China has the largest power generation fleet in the world, with 1,614GW of installed capacity. Total new installations in 2016 slowed down to 120GW, caused by lower wind, hydro, and thermal capacity additions. China did build a record 27GW of solar PV last year, along with 23GW of wind and 12GW of hydro. New thermal capacity installs saw a significant slow down to 48GW (of which 38GW were lignite plants), as new legislation mandated much tighter restrictions on coal.
The country saw a rebound in power demand growth in 2016, the first year of its 13th Five-year-plan (FYP) period (2016-2020), from a record low of less than 1% in 2015 to 5.2% in 2016. The next few years of capacity growth is planned keeping in mind the various energy targets that have been under discussion since 2013. China has confirmed the following targets as it transitions to a more sustainable trajectory of growth: 1) Reducing carbon intensity by 40-45% below 2005 levels by 2020, and 60-65% by 2030 (binding) 2) Capping primary energy consumption at 5,000m Mtce by 2020 (binding) 3) Increasing non-fossil fuels share of primary energy consumption to 15% by 2020, 20% by 2030 (binding) 4) Decreasing the share of coal in primary energy consumption to less than 62% by 2020, total coal consumption capped at 4.2M tons by 2020 (binding) 5) Connecting a minimum 210GW of wind, 105GW of PV and 5GW of solar thermal to the grid by 2020 (not binding)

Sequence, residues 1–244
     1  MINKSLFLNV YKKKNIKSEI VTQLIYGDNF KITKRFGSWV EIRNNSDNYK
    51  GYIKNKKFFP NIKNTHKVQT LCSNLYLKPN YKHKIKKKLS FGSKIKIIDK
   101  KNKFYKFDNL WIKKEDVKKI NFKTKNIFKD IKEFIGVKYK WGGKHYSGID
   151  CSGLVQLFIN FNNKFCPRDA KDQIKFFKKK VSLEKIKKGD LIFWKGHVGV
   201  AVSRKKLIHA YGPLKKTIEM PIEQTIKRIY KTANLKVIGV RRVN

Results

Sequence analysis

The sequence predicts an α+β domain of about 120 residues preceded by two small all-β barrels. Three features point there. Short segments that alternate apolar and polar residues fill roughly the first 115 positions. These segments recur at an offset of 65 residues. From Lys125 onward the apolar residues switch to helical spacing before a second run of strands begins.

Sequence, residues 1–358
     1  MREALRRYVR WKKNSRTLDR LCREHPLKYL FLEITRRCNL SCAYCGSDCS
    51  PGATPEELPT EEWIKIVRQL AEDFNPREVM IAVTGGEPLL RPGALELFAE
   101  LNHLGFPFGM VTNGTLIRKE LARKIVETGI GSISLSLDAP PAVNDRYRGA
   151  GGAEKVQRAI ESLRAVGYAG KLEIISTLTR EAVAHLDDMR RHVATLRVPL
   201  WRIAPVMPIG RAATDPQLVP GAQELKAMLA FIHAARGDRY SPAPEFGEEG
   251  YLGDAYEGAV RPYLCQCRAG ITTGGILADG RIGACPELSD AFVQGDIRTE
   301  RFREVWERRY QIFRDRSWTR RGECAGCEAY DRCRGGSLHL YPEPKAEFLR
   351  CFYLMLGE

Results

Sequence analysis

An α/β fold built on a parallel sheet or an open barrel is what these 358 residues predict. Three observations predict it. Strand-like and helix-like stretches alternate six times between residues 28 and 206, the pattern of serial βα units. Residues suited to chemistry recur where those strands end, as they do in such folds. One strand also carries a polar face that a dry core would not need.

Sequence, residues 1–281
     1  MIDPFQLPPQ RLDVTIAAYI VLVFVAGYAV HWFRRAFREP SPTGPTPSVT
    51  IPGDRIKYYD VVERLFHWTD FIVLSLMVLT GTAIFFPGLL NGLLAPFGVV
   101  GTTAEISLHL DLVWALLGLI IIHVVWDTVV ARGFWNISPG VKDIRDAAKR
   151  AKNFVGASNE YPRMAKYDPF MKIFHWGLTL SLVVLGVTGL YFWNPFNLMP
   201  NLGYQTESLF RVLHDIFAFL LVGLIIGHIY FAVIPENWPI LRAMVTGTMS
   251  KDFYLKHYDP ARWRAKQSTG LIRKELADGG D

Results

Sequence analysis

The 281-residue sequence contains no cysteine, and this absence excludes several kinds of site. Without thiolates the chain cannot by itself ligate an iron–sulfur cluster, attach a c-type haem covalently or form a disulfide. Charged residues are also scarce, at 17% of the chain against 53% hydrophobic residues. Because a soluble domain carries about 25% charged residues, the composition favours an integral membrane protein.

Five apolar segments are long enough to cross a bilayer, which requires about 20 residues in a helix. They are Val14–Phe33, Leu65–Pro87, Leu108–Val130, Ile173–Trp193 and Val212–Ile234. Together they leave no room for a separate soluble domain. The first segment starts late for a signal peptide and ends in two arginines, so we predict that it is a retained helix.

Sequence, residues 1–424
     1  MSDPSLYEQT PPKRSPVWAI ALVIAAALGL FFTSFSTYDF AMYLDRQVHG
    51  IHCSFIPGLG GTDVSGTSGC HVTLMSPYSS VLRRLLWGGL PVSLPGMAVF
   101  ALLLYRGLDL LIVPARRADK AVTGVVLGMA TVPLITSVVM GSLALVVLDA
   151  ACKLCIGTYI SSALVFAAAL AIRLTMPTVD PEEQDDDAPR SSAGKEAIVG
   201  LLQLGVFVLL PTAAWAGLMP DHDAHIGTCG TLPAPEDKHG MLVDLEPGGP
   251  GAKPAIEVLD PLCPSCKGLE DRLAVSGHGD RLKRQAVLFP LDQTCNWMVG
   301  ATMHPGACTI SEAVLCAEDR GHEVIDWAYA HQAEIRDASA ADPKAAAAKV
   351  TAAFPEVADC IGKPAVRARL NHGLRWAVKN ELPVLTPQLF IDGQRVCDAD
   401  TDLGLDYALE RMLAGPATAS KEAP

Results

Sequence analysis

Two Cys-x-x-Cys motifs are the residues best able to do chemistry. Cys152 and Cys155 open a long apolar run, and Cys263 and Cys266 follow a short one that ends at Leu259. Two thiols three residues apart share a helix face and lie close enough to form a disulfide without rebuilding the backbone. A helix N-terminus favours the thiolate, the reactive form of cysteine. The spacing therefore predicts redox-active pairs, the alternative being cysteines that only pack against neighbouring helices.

After the cut in December 2016, current feed-in tariffs range between 400-570 yuan per MWh for onshore wind, 750-850 yuan per MWh for offshore wind, and 650-850 yuan per MWh for PV. Distribution-grid-connected PV projects still have a premium subsidy of 420 yuan per MWh on top of the regular PV FiT. Besides the national subsidies, distribution-grid-connected PV also benefit from local government subsidies in many provinces.